CLEVLEAND — A proposal to cut the number of jailers in Cuyahoga County's next budget is raising concerns about the impact it could have on safety behind bars.
Following the damning 2018 US Marshal's report which called conditions inside Cuyahoga County jail "inhumane" and cited understaffing as a reason for some of the problems, Cuyahoga County leaders increased the number of corrections officers in the budget to 725 officers.
But nearly three years after that report and a string of eight inmate deaths in six months, Cuyahoga County Executive Armond Budish introduced a new biennial budget for 650 corrections officers.
Budish, and budget administrators said the number more accurately reflects the actual staffing inside the jail which, according to a union representative, has fallen to 552 officers.
"We don't want to set aside money for a year that most likely won't be spent," said Budish. "That doesn't work, especially in a tight budget."
Instead, Budish told county council members that if the jail needs more people, the sheriff's department can request additional staffing from the council.
Budish said budgeting based on the actual number and not vacancies would increase transparency and accountability.
"Why lock-up money in the budget for people that we don't ever expect to able to hire in the next two years?" Budish asked. "But we're not taking the positions away."
But the union representing Cuyahoga County's corrections officers said it was blindsided by the proposal.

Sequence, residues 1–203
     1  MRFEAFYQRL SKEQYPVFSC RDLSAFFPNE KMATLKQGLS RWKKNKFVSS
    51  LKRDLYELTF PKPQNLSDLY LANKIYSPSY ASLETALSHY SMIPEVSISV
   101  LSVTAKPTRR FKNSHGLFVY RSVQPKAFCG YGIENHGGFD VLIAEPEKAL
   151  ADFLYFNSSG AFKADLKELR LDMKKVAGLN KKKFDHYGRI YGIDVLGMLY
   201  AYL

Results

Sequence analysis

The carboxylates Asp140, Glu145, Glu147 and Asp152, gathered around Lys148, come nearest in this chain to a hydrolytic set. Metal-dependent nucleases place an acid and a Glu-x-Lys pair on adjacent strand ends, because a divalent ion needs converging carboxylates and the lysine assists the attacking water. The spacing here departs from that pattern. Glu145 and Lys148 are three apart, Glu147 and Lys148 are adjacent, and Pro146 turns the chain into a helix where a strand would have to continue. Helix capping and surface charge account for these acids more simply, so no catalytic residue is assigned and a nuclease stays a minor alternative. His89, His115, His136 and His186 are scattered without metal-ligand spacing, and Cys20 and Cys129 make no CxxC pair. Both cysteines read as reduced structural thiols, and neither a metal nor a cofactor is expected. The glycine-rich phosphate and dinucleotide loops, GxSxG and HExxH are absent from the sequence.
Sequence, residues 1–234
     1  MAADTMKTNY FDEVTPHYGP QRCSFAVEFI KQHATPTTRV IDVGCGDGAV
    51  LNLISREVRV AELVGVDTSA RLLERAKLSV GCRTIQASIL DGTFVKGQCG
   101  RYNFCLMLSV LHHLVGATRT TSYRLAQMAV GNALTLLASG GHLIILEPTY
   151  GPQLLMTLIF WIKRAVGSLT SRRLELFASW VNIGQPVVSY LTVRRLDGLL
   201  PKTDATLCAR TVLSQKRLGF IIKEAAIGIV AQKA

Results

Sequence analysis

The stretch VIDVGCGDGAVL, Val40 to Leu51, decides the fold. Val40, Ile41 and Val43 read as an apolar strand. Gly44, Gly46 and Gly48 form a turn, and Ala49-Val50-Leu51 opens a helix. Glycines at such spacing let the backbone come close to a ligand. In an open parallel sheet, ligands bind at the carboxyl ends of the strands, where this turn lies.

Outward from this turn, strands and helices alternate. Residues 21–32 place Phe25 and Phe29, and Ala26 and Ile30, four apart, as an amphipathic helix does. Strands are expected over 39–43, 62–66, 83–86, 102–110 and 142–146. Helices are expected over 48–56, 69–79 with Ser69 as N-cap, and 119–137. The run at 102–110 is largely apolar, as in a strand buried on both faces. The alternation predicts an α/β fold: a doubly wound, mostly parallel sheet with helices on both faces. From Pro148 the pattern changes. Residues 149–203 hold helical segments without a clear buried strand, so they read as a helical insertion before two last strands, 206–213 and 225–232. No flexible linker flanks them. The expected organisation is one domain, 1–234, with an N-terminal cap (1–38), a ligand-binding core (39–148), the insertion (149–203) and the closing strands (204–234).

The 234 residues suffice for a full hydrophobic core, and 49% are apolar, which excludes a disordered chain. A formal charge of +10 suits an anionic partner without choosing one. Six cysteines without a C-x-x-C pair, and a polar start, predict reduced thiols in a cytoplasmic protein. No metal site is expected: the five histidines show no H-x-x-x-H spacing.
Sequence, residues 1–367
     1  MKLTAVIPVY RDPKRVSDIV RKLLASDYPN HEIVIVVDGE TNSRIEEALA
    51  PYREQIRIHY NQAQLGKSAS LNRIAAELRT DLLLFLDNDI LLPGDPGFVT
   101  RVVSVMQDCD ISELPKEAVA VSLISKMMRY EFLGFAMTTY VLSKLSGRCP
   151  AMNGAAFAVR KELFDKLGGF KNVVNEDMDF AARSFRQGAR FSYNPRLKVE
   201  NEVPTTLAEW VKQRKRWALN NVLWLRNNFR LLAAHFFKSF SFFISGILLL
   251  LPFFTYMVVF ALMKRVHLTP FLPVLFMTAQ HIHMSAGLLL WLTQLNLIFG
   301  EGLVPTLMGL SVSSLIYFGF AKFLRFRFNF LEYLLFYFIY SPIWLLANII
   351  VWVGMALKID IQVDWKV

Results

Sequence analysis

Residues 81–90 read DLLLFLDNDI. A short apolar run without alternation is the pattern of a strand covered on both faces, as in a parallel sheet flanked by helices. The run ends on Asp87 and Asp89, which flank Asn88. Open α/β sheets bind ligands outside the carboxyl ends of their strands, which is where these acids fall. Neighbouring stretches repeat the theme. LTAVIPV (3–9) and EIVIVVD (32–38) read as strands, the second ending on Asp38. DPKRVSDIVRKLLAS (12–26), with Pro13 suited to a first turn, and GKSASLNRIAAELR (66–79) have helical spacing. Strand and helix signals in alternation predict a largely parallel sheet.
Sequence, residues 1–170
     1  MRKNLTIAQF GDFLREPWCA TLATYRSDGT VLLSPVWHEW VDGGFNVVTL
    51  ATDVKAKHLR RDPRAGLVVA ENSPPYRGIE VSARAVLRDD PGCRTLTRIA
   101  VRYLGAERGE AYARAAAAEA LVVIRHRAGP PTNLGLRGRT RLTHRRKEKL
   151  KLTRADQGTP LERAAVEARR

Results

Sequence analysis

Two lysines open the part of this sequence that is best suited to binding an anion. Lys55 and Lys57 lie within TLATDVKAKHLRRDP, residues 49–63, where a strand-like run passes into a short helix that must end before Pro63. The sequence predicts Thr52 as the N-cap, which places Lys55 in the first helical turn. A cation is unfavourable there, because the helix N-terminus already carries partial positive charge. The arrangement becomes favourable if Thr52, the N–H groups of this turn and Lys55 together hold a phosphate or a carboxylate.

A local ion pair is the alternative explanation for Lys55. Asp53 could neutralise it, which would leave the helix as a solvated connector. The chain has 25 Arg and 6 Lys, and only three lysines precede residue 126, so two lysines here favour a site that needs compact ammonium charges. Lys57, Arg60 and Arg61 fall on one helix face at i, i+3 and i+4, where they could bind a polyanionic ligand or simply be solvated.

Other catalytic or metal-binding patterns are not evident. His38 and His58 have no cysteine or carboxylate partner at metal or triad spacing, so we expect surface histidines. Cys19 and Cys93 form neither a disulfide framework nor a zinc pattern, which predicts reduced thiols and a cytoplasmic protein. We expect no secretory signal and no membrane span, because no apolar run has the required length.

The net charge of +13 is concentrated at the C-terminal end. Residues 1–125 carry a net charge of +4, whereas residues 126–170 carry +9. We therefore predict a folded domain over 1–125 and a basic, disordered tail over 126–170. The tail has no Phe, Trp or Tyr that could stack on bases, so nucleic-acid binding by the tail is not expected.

"In order to operate that jail you need no less than 698 officers," said Adam Chaloupka with Ohio Patrolmen's Benevolent Association. "Otherwise you can't account for people calling off sick or account for people going on vacation. Anything else is way too thin of margins."
Chaloupka believes that any plan that requires waiting for county approval to hire more jailers doesn't make sense.
He worries the plan would slow the hiring of much-needed officers at a time when the jail is already understaffed.
"It was a total about-face and we're just confused, flabbergasted and shocked," said Chaloupka.
The chairman of the council's Public Safety and Justice Affairs Committee called the plan smoke-and-mirrors.
"We're in essence under-budgeting in the most delicate place in Cuyahoga County possible," said Councilman Michael Gallagher. "The world is watching what we do at the jail and we're saying 550 is okay, we can come back to 650, but the council has already said 725 is the number and agreed to by the Executive."
Chaloupka believes the county has seen what can happen when the jail continues to operate short-staffed.
Now, he fears if the current budget plan becomes reality, history could repeat itself.
"This happens within weeks of a trial that revolved around an attempt by an individual to understaff the jail to save money," said Chaloupka, referring to former jail director Ken Mills, who was convicted of dereliction of duty charges in September. "I just can’t believe this is what they do a week after that individual is sentenced."
The county council is expected to hold hearings to discuss the proposed budget during the next several weeks.
The two-year, billion-dollar budget needs to be approved by the end of the year.